Choose your weapons 

If I may borrow the words of Oscar Hammerstein --- or maybe it was Susan B. Anthony --- I enjoy being a girl. Sure, the discrimination, objectification, and foundation garments can all be quite infuriating, but I'm certain that if I were a man, I wouldn't be able to get away with half of what I'm able to perpetrate.

And I'm not the only female who capitalizes on this fact, although admitting to it probably bombs the women's movement back to the Stone Age. I just thought you deserved an explanation for the puzzling palatability of envelope-pushing comedian Sarah Silverman.

If you saw The Aristocrats a couple months back then you probably remember the lovely, raven-haired Silverman, who delivered the titular chestnut in a hilariously unnerving way. Now she's got a movie of her own entitled Sarah Silverman: Jesus is Magic, which takes her polarizing stage act and peppers it with equally edgy musical numbers. But her nice Jewish girl shtick and "Did I just say that?" approach allows her to coyly go where no white man could in this occasionally stifling cultural climate.

Is she clever? Absolutely. Offensive? Well, that depends on whether you believe the power lies with the words or the wordsmith.

The premise of Jesus is Magic stems from the film's opening skit in which Silverman, desperate to one-up her successful friends, brags that she's going to put on a show "about the Holocaust and AIDS, but it's funny and it's a musical." So it's off to a packed house at LA's El Portal Theatre, where Silverman riffs on a compendium of subjects, even ones that may not yet be ready for satire (her suggestion for an American Airlines ad campaign: "First through the Towers!"). And she gets great comedic mileage out of her shrewd tweaking of ethnic stereotypes, especially her own (on the fallout after using the word "chink" in a televised joke: "As a member of the Jewish community, I was totally concerned we were losing control of the media").

Not all of Silverman's jokes succeed, and her musical interludes can get tiring. But like any form of art, appreciation of Silverman comes down to your individual taste. You might be outraged when she discusses the punishment her sister leveled against her 7-year-old niece for coming out as a lesbian ("No pussy for a week. And you know how long a week is to a 7-year-old") or you might giggle at its bizarre silliness. But Silverman ain't stupid. Firstly, everyone's talking about her.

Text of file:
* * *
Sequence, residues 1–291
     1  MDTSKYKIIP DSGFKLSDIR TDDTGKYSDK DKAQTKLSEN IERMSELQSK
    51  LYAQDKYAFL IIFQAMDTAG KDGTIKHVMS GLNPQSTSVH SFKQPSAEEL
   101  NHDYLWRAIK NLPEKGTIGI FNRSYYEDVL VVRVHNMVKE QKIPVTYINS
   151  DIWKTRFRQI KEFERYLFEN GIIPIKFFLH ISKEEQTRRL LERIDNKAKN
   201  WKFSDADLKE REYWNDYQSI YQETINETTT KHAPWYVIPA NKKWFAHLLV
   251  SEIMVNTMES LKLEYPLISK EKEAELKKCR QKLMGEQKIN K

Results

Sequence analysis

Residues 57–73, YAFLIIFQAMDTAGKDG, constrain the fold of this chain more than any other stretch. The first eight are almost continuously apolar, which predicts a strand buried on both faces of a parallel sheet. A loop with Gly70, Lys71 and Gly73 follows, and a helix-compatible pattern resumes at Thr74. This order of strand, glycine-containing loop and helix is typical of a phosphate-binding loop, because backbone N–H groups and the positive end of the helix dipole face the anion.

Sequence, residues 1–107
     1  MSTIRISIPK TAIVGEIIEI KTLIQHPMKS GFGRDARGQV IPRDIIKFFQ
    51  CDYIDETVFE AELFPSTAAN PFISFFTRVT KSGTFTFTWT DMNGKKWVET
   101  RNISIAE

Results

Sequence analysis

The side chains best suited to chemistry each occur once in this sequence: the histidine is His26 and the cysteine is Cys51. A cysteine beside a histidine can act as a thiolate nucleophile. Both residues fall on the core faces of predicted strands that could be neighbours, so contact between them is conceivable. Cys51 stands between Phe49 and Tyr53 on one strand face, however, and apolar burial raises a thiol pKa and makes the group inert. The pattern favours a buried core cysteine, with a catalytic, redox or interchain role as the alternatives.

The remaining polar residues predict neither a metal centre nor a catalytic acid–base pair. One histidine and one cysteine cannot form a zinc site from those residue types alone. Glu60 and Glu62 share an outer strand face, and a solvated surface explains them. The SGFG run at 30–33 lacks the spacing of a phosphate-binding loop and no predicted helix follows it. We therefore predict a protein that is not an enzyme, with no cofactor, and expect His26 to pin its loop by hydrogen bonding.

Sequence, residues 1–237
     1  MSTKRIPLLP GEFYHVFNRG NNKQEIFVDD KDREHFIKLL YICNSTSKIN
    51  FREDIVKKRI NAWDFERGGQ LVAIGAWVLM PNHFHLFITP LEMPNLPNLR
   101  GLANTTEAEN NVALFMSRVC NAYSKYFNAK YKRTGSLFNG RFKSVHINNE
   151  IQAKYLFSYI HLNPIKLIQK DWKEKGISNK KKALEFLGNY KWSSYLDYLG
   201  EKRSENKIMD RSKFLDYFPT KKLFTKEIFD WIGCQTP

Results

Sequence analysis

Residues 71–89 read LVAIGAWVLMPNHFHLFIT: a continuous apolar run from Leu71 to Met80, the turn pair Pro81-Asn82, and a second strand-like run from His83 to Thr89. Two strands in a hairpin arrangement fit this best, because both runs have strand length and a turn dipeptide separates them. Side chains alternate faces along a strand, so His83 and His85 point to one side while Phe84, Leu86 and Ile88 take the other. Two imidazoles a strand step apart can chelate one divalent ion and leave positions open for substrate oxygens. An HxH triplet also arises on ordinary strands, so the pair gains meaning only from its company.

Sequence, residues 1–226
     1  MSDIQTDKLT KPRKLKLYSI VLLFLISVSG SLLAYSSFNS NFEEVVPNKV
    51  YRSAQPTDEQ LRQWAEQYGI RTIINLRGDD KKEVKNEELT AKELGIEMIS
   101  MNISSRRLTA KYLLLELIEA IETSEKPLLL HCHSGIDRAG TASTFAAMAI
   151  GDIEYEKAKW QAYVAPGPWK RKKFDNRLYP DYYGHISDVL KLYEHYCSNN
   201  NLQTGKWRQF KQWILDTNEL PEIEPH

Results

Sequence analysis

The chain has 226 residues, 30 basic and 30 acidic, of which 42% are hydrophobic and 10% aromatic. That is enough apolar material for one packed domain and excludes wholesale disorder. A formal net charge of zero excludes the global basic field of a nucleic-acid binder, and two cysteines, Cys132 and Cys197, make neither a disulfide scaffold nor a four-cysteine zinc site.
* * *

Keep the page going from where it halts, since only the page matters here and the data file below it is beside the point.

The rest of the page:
Secondly, her dual minority status enables her to say things that the majority is afraid to say. Granted, it's not like Silverman is changing the world, but it's impossible to confront issues by ignoring them.

Then again, what do I know? I'm merely a girl.

Winter Soldier, a 1972 documentary culled from footage filmed at hearings in Detroit sponsored by the Vietnam Veterans Against the War, basically consists of well over 90 minutes of shell-shocked vets detailing the torture that they participated in during their tours of duty in Southeast Asia. Relentless descriptions of Viet Cong POWs tossed from planes and farmers being gutted are positively brutal and no one's idea of enjoyable entertainment. I wanted to stop watching but couldn't --- not because I'm a sadistic glutton, but because I felt I owed these men the right to be heard.

The former soldiers recount inhumane treatment by higher-ups at boot camp that made their atrocities in country sadly inexorable. They're not making excuses, however, instead bravely owning up to cowardly actions that seemed justifiable in the heat of combat. By 1971 the once gung-ho GIs had morphed into beautiful and melancholy young men coming to grips with the damage they did to a people half a world away and ultimately to themselves.

All of the soldiers give heartbreaking testimony, but the most pointed remarks in Soldier came courtesy of an African American who astutely identifies the butchery as little more than racism, and from a Native American who movingly parallels the treatment of the Vietnamese with the crimes against his forebears.

Soldier opens with Founding Brother Thomas Paine's most famous sentiments, written at Valley Forge during the vicious winter of 1776 and still notable because history, unfortunately, repeats itself: "These are the times that try men's souls. The summer soldier and the sunshine patriot will, in this crisis, shrink from the service of his country, but he that stands it now deserves the love and thanks of man and woman."

Sarah Silverman: Jesus is Magic (R), directed by Liam Lynch, is opening Friday, December 16, at Little Theatres | Winter Soldier (NR), directed by the Winterfilm Collective, is showing Friday, December 9, at 8 p.m. and Saturday, December 10, at 5 p.m., at the George Eastman House's Dryden Theatre.

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